The other day, I had the opportunity to work with a landscape business conducting strategic planning. A young entrepreneur started the business 20 years ago with just two employees. The company now has three owners and over 70 employees. The business started with “shoot from the hip” day-to-day decision-making and has evolved over the years to a very formalized business process.
After delivering a 40-minute state of the economy outlook combined with some business and personal wisdom, we started the planning process. It was impressive how each and every employee was engaged in the SWOT analysis to identify the internal strengths and weaknesses and the external business opportunities and threats.
Each individual was instructed to list at least one bulleted statement in each of the areas before being randomly placed into groups of seven for discussion. Individual responses were gathered and sorted randomly so that candid comments could be made. Then, each group discussed the written comments and came up with five bulleted responses for each area of the SWOT analysis.
As I facilitated discussion and the business owners acted as scribes, the responses were enumerated. It was impressive that the group liaisons were often the front-line workers rather than upper management. This demonstrated trust and a willingness to engage with candid comments.
Once the responses were tabulated, the next task was to identify three actions to prioritize for next year's business plan. It was surprising how common the responses were from the groups.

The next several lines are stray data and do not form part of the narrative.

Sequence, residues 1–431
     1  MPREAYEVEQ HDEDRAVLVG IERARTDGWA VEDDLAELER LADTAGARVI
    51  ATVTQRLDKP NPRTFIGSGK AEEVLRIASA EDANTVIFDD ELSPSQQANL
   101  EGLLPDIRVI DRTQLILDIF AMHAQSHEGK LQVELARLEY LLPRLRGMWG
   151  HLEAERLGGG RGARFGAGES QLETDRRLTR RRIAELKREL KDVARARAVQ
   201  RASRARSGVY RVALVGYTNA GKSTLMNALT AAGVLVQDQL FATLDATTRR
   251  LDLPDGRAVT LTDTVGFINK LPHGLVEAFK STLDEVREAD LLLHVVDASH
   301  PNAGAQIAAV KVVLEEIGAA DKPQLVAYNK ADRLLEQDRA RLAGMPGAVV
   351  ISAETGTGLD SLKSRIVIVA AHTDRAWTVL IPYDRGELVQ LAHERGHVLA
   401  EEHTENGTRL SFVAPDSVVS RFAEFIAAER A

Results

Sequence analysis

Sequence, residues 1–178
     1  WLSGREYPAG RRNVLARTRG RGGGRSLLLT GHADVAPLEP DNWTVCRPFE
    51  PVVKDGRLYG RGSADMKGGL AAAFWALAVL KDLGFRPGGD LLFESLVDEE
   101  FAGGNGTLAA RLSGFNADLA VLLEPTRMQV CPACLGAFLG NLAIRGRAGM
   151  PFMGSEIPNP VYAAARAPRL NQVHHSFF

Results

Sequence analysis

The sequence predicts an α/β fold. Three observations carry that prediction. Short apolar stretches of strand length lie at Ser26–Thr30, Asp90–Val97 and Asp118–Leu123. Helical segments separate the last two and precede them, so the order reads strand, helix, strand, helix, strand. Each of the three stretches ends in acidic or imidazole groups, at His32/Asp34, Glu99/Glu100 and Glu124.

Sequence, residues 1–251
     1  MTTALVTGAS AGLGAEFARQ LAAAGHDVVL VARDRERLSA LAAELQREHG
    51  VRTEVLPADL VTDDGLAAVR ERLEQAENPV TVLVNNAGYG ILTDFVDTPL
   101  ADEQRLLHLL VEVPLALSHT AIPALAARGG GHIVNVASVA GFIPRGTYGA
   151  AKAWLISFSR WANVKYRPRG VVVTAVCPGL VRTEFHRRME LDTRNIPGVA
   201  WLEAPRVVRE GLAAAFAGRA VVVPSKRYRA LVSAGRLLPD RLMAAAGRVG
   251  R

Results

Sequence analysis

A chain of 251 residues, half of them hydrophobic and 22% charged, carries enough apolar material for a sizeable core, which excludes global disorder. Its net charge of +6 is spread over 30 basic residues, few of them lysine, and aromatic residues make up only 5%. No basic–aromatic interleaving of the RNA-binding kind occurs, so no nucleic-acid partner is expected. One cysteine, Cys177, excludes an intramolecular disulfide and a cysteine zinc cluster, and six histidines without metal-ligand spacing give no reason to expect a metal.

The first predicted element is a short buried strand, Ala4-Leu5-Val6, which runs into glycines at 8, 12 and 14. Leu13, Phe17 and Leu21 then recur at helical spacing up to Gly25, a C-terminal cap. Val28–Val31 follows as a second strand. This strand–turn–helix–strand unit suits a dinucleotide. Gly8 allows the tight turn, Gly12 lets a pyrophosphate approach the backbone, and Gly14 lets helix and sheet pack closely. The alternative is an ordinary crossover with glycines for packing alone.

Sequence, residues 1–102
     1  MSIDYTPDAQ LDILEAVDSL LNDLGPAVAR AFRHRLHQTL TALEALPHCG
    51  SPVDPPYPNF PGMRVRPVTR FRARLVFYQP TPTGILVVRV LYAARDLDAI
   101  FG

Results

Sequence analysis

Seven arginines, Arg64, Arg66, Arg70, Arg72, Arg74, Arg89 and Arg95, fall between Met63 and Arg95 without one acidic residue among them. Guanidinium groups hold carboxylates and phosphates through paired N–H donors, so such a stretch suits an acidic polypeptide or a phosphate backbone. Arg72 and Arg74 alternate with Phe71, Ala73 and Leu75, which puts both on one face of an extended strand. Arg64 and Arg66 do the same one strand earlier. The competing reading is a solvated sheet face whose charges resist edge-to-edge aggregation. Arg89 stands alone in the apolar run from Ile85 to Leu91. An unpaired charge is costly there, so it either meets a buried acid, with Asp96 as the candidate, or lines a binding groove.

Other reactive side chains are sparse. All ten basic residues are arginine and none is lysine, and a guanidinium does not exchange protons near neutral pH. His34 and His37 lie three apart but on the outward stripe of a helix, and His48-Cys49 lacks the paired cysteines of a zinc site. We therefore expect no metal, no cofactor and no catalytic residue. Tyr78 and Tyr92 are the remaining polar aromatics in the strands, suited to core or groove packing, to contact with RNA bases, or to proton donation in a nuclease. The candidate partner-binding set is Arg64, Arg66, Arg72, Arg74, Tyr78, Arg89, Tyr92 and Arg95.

A spontaneous exercise was to randomly ask anyone with a hat on during the meeting to state one core value of the company. Without hesitation, these individuals recited either a core value or one important word or phrase in the mission or vision statement that was posted next to the entry door.
Another impressive observation was that the owners shared yearly financial performance of the business with the whole team. Not only were the numbers presented, but also an explanation of the outcomes. For example, financial performance had been impacted by the pandemic and the ability to garner enough workers to complete tasks. On a positive note, the business was able to adapt and reported solid performance.
Many individuals managing traditional agriculture enterprises may say strategic planning is only for big businesses and is not applicable. The founders of this company would disagree. They believe that strategic planning from the beginning of the company 20 years ago up until now is one of the best management practices that they have done annually. This testimonial certainly builds the case for strategic planning!
Comments? Please send your remarks to AgGlobeTrotter@accountlist.com. I would like to know what you are thinking.
Ag Economist Dr. Dave Kohl
Dr. Kohl is Professor Emeritus of Agricultural Finance and Small Business Management and Entrepreneurship in the Department of Agricultural and Applied Economics at Virginia Polytechnic Institute and State University. Dr. Kohl has traveled over 8 million miles throughout his professional career and has conducted more than 6,000 workshops and seminars for agricultural groups such as bankers, Farm Credit, FSA, and regulators, as well as producer and agribusiness groups. He has published four books and over 1,300 articles on financial and business-related topics in journals, extension, and other popular publications.